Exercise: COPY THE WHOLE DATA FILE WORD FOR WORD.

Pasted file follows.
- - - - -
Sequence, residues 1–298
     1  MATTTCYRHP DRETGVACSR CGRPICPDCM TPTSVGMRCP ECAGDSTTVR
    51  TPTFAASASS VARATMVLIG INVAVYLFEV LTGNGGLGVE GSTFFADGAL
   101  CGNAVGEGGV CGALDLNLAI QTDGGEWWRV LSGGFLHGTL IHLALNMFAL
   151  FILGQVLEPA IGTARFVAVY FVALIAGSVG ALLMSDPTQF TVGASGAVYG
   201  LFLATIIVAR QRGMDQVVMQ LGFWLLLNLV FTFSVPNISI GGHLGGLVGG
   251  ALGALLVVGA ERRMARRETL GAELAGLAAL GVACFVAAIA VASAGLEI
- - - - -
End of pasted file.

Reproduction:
Sequence, residues 1–298
     1  MATTTCYRHP DRETGVACSR CGRPICPDCM TPTSVGMRCP ECAGDSTTVR
    51  TPTFAASASS VARATMVLIG INVAVYLFEV LTGNGGLGVE GSTFFADGAL
   101  CGNAVGEGGV CGALDLNLAI QTDGGEWWRV LSGGFLHGTL IHLALNMFAL
   151  FILGQVLEPA IGTARFVAVY FVALIAGSVG ALLMSDPTQF TVGASGAVYG
   201  LFLATIIVAR QRGMDQVVMQ LGFWLLLNLV FTFSVPNISI GGHLGGLVGG
   251  ALGALLVVGA ERRMARRETL GAELAGLAAL GVACFVAAIA VASAGLEI